The global food market is just as subject to speculation as real estate or stock exchanges. Market prices are often "guesstamated" using a special bank-made financial instrument called the Goldman Sachs Commodity Index. Many people placed their bets and, just like the housing bubble, wall-street engineered a "food bubble" and then burst it, leaving clients pennies poorer and thousands starving while banks like Goldman Sachs and AIG counted their winnings. Corruption never tasted so sweet.

So, what does this have to do with apartment gardening? I am a proponent of self-sufficiency and I feel that gardening, especially for those of us with little money and land, can offer small amounts of that. Similarly, home gardeners are often affected by local policies that prevent us from growing food, especially when we are renters or apartment dwellers. These are the policies Gimenez spoke of that are designed to make us dependent on a flawed food system. For those of you interested in occupy the food system, there are several places to go for information:
3. I also suggest taking your concerns to your local occupy General Assembly.

In Tampa, try visiting the Food Day Soiree on 10/30, join the Bird House Buying Club or Tampa Urban Food Forum, or get involved with the The Seminole Heights Community Garden, Sweetwater Farm, Create a Healthier Sulphur Springs for Kids, or Moses House Youth Garden to meet like minded people.

If you know of any more groups, please post them in the comments section.

Saturday, October 1, 2011

The Amateur's Dilemma: Edibles and Idioms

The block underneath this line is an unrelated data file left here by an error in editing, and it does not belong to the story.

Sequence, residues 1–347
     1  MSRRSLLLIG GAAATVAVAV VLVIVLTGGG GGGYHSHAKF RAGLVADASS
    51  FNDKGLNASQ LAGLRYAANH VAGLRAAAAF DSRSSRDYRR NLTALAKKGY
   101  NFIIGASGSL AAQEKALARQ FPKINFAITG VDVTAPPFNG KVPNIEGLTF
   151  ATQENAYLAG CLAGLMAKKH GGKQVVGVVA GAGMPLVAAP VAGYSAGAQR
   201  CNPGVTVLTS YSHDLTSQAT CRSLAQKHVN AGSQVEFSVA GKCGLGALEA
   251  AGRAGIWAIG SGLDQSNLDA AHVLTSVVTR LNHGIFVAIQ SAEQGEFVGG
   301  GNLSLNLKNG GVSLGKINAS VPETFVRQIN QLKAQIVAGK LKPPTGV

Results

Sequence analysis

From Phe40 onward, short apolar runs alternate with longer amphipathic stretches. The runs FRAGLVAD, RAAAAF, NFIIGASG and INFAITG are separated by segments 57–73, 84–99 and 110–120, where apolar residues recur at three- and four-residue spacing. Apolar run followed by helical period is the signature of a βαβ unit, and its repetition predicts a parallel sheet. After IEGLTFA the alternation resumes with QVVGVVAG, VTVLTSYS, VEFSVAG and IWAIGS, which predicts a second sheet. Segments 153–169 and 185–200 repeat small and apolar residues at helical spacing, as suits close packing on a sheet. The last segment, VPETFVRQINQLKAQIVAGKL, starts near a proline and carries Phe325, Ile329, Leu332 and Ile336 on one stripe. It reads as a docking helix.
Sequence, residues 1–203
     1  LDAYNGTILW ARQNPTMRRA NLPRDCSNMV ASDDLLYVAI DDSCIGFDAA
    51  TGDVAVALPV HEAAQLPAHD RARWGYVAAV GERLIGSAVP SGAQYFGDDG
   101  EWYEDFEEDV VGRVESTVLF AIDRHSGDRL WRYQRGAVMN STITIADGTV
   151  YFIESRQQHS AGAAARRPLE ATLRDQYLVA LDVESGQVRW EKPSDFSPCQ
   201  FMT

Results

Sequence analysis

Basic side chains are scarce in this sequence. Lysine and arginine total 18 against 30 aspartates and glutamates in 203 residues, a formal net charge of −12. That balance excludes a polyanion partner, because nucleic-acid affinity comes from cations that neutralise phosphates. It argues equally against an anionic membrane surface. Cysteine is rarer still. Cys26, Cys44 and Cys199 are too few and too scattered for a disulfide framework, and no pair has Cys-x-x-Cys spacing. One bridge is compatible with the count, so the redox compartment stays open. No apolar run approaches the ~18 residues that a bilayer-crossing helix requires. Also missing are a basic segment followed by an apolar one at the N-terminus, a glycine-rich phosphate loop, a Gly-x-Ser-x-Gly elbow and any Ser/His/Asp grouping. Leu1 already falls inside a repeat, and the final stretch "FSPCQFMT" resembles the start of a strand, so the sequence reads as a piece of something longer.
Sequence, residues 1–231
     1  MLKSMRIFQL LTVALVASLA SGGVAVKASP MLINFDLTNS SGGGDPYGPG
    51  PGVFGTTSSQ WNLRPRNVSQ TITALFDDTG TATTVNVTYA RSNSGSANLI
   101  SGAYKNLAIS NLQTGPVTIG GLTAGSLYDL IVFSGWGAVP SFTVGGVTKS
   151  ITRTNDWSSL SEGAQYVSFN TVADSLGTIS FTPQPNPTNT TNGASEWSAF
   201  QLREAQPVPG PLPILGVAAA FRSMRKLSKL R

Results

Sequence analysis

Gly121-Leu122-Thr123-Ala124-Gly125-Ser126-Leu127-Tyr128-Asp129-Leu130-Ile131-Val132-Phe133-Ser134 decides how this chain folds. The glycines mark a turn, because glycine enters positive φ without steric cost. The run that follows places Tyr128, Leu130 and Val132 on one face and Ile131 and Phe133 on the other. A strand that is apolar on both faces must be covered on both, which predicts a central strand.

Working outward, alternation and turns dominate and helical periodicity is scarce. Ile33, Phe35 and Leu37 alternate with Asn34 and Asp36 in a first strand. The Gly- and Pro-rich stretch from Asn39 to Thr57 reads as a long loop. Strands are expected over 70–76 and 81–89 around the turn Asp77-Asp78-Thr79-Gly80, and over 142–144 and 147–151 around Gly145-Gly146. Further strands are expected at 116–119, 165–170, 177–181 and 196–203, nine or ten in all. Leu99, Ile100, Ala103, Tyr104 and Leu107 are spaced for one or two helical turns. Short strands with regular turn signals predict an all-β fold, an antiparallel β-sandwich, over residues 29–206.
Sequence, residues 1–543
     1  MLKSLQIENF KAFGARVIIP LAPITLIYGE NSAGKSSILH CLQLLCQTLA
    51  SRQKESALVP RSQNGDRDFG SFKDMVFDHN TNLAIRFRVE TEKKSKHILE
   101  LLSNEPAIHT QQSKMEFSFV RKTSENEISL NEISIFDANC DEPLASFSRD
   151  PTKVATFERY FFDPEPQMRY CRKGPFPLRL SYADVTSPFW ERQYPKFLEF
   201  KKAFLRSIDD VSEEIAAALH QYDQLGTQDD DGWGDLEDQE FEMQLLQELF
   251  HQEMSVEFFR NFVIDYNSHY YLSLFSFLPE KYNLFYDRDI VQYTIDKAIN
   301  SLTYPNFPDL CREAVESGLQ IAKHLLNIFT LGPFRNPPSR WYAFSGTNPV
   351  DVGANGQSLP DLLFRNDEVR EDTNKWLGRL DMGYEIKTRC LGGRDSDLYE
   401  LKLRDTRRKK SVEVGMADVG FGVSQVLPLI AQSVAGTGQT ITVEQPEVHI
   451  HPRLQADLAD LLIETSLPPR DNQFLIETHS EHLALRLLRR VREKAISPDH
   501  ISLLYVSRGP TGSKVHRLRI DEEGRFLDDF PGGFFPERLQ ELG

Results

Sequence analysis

My friend Jenn (pictured left on a joyride) recently wagged her virtual finger at me for failing to update more often. I can't help but agree. I've neglected this sweet little blog for far to long. Unfortunately, in my world this is par for the course. I have a nasty habit of starting projects with the best intentions and then not prioritizing them properly. For now, I will blame graduate school and a failed garden for my lack of updating. While I always wanted to document the successes and failures of apartment gardening, when the failures outpaced the successes it became to depressing to document.

However, that was last season and this is this season. Slowly but surely, I am getting my fall planting underway. Little bits at a time I've started some pole beans and peas, tomato plants, and squash. Just a note, gardening in Florida follows a different pattern than the rest of the country so my planting schedule may be unlike your own. Every thing (knock on wood) seems to be growing really well! I suppose the proof of the pudding is in the eating or the proof of the pole bean is in the eating (proof of the pole bean pictured left)? The point is, I will know how well I've done in just a month or two.

Squash and tomato seedlings

Blueberry Bush

I am really excited about my blueberries this season. Some varieties are Florida natives and they do well in our sandy soil. So, interested in the apartment applications of the blueberry, I've have started an experiment: I've planted one blueberry plant in the ground, and one in a container. One is in potting soil and the other is in the clay-like soil of my apartment complex. I treated both soils similarly with an organic sulphur mixture because blueberries like acidic soil. Both will be mulched shortly and fertilized similarly. I'll be keeping track of how both plants progress. For Florida gardeners, this really is a good resource (taken from the Gardening in Central Florida blog). There is also a nice guide to acidifying soil by the Oregon State University Extension Service. It explains what soil acidity and pH actually is. That concludes the first of regular updates to come!